Human-Computer Interaction 3e Dix, Finlay, Abowd, Beale
EXERCISE 2.7 [extra - not in book]
Computer systems are constantly developing, and manufacturers keep encouraging us to buy the latest, fastest systems, with the newest designs of keyboards, screens, more memory and faster processors, and so on. Give examples of circumstances in which having the latest technology is advantageous, and give examples when it can cause difficulties.
When raw computing power is at a premium, having the fastest computing power available is ideal - this is true for scientific applications, numerical modelling and analysis, and so on. Such increases in power can turn what were once batch jobs into interactive ones, allowing the user to explore and develop 'what if' scenarios that can lead to a better understanding of the underlying problems.
Developers of software usually benefit from having a faster design-code-compile-debug cycle, allowing them to produce their code more rapidly. However, this can cause problems too in that they become used to the capabilities of their machines and expect that all users will have similar resources. This can lead to large programs that perform ponderously on the more conventional machines that ordinary users have to work on.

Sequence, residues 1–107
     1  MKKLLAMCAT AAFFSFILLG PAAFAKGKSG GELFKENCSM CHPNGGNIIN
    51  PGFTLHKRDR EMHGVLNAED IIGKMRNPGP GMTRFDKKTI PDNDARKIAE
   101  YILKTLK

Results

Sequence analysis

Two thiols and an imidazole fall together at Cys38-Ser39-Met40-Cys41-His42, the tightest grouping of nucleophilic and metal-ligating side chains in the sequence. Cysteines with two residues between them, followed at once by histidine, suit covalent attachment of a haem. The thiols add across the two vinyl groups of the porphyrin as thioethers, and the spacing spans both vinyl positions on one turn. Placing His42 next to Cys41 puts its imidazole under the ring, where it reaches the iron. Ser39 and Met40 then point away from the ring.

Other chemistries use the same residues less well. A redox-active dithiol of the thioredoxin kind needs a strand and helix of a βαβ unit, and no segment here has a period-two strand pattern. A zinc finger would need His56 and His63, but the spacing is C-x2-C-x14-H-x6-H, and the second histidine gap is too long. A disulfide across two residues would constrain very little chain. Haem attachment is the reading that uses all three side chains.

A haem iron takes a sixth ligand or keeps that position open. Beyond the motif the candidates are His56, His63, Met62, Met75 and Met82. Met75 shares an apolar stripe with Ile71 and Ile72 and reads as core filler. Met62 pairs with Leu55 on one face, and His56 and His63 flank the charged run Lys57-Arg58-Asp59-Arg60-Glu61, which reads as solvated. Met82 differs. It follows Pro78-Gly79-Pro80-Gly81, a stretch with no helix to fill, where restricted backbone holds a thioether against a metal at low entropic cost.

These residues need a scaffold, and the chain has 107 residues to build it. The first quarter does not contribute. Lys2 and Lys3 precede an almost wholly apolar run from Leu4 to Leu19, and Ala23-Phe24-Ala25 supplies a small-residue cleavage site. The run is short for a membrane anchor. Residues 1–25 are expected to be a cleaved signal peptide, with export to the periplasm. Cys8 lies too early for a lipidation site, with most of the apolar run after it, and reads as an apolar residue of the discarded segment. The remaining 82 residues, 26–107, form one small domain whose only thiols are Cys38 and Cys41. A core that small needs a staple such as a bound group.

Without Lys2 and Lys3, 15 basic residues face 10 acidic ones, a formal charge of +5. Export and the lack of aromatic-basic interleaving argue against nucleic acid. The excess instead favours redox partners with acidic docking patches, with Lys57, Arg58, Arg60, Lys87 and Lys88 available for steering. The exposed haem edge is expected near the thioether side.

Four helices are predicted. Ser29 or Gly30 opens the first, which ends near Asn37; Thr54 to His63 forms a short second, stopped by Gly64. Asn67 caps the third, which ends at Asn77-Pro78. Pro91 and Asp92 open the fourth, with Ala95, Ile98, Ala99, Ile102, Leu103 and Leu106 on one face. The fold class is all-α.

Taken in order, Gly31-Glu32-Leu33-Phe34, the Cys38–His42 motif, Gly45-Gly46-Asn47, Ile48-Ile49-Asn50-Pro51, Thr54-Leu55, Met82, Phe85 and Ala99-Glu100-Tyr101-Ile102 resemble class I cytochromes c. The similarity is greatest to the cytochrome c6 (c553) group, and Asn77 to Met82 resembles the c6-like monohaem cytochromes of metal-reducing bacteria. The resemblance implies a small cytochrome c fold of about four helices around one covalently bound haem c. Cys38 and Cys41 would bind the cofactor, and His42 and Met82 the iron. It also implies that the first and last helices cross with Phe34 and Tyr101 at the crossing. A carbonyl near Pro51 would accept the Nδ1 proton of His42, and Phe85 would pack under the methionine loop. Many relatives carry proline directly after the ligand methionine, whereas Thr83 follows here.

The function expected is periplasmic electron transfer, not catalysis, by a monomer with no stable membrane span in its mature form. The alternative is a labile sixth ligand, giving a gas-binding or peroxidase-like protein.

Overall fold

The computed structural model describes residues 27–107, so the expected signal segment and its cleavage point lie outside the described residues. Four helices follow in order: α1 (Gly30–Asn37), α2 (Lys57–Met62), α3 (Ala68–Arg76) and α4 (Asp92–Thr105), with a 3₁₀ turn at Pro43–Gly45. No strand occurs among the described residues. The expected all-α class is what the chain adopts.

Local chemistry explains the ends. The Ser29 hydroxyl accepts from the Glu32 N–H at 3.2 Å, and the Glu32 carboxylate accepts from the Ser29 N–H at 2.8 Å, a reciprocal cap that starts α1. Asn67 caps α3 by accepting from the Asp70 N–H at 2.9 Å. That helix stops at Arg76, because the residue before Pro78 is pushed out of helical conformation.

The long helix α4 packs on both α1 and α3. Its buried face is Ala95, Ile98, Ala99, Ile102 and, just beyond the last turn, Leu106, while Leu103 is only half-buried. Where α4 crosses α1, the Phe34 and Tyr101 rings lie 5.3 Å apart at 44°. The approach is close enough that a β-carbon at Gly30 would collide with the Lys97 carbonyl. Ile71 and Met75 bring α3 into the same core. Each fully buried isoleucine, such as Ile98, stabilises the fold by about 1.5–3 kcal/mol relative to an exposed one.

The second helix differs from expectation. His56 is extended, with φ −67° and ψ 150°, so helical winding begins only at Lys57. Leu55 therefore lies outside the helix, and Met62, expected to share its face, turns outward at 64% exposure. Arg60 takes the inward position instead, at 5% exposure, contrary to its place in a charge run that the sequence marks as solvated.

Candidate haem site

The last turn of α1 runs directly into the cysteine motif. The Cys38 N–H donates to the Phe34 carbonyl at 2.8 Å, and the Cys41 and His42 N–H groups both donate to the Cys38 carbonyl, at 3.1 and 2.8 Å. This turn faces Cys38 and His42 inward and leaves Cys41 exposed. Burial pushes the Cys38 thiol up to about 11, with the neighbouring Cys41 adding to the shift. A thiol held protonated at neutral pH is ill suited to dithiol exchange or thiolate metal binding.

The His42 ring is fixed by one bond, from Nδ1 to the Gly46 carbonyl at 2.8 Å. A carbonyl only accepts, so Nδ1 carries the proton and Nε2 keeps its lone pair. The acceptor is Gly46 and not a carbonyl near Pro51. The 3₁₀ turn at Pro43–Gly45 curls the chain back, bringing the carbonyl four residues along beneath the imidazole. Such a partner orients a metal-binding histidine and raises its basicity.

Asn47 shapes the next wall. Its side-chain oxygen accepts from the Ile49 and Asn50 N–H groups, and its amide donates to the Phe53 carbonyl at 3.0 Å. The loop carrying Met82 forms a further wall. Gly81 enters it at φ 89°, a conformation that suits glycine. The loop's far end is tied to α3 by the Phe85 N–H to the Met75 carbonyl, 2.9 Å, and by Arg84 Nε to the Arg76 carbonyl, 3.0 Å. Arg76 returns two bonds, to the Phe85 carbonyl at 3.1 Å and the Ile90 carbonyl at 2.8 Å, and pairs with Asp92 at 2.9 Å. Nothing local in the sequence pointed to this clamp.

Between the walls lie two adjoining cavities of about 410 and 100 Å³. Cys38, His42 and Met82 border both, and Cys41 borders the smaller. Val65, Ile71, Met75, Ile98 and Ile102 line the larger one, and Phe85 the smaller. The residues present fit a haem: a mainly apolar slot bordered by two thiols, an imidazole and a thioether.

Other exercises in this chapter
ex.2.1 (open), ex.2.2 (tut), ex.2.3 (open), ex.2.4 (tut), ex.2.5 (tut), ex.2.6 (tut), ex.2.7 (ans), ex.2.8 (ans), ex.2.9 (open)
all exercises for this chapter